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1 Compare, contrast, and identify continuous and discrete random variables.

Discrete and Continuous Random Variables:

A variable is a quantity whose value changes.

A discrete variable is a variable whose value is obtained by counting.

Examples: number of students present


number of red marbles in a jar
number of heads when flipping three coins
students grade level

A continuous variable is a variable whose value is obtained by measuring.

Examples: height of students in class


weight of students in class
time it takes to get to school
distance traveled between classes

A random variable is a variable whose value is a numerical outcome of a random


phenomenon.

A random variable is denoted with a capital letter


The probability distribution of a random variable X tells what the possible values
of X are and how probabilities are assigned to those values
A random variable can be discrete or continuous

A discrete random variable X has a countable number of possible values.

Example: Let X represent the sum of two dice.

Then the probability distribution of X is as follows:

X 2 3 4 5 6 7 8 9 10 11

P(X)

To graph the probability distribution of a discrete random variable, construct a probability


histogram.
A continuous random variable X takes all values in a given interval of numbers.

The probability distribution of a continuous random variable is shown by a density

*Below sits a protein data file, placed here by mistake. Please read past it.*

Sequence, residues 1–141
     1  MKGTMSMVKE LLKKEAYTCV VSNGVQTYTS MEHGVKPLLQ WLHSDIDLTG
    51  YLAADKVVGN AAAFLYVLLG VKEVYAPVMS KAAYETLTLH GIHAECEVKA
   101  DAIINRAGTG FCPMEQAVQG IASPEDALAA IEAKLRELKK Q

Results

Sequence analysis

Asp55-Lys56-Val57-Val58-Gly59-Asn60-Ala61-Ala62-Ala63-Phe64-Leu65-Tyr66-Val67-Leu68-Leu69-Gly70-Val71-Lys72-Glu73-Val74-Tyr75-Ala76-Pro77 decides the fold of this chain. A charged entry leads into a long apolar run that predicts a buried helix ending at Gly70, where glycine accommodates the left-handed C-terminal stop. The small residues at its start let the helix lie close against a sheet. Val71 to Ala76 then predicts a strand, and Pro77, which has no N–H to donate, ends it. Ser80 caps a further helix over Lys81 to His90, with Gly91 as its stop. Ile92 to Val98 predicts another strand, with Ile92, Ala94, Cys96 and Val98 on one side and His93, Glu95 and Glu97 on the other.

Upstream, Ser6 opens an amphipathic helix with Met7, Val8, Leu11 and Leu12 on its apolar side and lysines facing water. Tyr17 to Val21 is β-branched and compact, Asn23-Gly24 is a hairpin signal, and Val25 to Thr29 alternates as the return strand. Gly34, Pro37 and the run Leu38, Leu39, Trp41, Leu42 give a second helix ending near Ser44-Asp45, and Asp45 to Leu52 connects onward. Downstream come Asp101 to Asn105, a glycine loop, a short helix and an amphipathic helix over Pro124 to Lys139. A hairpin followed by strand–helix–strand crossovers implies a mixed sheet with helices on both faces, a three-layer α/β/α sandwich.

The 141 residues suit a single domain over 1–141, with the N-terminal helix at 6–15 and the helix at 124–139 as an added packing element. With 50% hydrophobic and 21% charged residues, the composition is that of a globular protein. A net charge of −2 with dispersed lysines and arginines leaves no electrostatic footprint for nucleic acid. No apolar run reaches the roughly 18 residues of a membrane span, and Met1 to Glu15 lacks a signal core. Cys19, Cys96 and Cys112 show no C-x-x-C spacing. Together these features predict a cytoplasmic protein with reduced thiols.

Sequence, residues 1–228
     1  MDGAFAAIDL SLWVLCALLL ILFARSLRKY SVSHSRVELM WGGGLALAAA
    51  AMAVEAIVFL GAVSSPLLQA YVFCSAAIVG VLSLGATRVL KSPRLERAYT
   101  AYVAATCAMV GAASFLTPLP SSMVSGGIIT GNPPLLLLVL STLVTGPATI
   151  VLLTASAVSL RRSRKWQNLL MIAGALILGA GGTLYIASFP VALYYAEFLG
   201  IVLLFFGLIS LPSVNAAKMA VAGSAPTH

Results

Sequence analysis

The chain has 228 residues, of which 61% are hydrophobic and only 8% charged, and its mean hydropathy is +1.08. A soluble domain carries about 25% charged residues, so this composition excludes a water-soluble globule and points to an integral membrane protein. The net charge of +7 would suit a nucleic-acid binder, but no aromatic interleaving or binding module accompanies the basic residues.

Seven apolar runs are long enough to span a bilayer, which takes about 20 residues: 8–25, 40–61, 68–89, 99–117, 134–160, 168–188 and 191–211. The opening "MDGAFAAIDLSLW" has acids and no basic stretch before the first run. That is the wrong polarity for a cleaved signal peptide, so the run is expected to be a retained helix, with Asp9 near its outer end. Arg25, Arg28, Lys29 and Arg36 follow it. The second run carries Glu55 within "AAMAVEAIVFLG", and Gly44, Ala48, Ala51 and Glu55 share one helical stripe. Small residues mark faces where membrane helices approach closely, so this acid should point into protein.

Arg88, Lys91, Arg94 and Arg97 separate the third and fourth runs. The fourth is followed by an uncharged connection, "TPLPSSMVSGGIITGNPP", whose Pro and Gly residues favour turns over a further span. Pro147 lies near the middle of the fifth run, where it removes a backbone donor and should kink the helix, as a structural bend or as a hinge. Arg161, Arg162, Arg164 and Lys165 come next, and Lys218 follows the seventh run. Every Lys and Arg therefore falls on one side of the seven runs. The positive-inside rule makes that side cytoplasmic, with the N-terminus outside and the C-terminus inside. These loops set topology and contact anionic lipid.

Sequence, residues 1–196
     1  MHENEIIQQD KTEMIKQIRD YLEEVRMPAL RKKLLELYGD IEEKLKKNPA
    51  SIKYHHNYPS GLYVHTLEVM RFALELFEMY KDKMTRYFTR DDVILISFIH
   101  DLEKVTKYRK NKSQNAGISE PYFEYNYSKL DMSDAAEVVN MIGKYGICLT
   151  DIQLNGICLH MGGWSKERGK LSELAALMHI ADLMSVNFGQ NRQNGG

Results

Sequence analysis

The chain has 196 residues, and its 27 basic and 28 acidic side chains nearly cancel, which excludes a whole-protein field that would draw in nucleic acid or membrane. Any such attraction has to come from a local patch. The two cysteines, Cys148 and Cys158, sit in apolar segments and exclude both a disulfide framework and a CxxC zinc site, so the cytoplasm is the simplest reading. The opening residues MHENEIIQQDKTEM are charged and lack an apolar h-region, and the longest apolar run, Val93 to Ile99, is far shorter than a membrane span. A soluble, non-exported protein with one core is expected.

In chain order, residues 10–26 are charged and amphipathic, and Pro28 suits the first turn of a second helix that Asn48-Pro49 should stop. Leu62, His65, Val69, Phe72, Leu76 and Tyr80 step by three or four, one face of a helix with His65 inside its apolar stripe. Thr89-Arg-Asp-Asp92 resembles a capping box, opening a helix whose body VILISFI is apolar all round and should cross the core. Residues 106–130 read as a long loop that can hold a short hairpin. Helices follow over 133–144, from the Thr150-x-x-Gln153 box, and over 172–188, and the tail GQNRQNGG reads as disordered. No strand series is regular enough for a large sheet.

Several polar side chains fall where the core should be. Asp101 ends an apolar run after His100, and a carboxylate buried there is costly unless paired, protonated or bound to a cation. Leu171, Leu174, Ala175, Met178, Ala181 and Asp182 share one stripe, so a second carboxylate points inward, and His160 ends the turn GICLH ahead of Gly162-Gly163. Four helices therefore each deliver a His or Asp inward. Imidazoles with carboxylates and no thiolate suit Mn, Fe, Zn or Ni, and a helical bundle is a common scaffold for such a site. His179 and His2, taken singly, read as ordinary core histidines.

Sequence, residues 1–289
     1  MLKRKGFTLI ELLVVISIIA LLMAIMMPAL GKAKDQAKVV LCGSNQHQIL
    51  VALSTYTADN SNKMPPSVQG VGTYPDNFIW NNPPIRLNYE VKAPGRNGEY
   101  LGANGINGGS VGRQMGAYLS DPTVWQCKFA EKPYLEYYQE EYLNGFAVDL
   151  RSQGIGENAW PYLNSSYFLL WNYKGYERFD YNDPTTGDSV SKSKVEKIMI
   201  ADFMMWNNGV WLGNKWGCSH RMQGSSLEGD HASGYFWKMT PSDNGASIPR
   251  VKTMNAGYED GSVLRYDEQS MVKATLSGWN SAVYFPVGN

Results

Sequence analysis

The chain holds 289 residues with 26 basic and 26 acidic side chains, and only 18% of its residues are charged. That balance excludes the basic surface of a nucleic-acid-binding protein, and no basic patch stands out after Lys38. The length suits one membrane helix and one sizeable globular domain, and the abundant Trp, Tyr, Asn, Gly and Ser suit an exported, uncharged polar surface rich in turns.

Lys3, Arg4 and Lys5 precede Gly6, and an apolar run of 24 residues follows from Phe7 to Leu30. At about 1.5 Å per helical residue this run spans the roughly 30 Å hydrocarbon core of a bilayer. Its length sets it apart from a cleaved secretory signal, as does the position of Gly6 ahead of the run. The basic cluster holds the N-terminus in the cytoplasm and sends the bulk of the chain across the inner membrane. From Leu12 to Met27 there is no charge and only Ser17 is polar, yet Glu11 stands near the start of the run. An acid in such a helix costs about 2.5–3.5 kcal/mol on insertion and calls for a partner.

curve.
The probability that X is between an interval of numbers is the area under the
density curve between the interval endpoints
The probability that a continuous random variable X is exactly equal to a number
is zero

2 Distinguish between the probability density function, the cumulative distribution


function, and the inverse cumulative distribution function.

3 Calculate the probability of an event given a discrete probability function.

4 Differentiate between independent and mutually exclusive events.

5 Understand joint probability; calculate joint probabilities using a probability


matrix.

6 Define and differentiate between conditional and unconditional probabilities,


and calculate the conditional probability using assumptions for a given scenario.
7 Apply and interpret the mean, standard deviation, and variance of a random
variable.

8 Calculate and interpret the covariance and correlation between two random
variables.